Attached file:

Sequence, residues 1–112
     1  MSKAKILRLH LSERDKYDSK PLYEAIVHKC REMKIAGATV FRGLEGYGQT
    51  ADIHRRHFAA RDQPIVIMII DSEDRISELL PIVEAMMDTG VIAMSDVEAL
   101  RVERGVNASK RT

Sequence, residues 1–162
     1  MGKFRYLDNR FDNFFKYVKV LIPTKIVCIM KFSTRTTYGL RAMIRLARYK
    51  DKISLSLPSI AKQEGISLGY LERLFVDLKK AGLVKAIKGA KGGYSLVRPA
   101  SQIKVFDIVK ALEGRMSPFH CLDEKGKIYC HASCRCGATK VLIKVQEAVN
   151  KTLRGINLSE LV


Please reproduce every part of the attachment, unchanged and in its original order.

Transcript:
Sequence, residues 1–112
     1  MSKAKILRLH LSERDKYDSK PLYEAIVHKC REMKIAGATV FRGLEGYGQT
    51  ADIHRRHFAA RDQPIVIMII DSEDRISELL PIVEAMMDTG VIAMSDVEAL
   101  RVERGVNASK RT

Sequence, residues 1–162
     1  MGKFRYLDNR FDNFFKYVKV LIPTKIVCIM KFSTRTTYGL RAMIRLARYK
    51  DKISLSLPSI AKQEGISLGY LERLFVDLKK AGLVKAIKGA KGGYSLVRPA
   101  SQIKVFDIVK ALEGRMSPFH CLDEKGKIYC HASCRCGATK VLIKVQEAVN
   151  KTLRGINLSE LV